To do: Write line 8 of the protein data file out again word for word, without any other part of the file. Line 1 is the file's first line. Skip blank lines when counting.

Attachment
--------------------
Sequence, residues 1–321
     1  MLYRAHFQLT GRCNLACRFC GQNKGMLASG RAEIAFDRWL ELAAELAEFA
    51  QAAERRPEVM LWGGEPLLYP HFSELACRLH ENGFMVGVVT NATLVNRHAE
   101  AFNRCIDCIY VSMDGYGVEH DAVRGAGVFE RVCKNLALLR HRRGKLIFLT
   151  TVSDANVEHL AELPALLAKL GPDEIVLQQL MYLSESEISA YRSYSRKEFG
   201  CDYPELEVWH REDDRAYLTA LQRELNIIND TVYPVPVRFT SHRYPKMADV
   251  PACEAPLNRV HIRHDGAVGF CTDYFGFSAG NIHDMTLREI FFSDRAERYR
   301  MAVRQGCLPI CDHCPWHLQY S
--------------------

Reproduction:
   301  MAVRQGCLPI CDHCPWHLQY S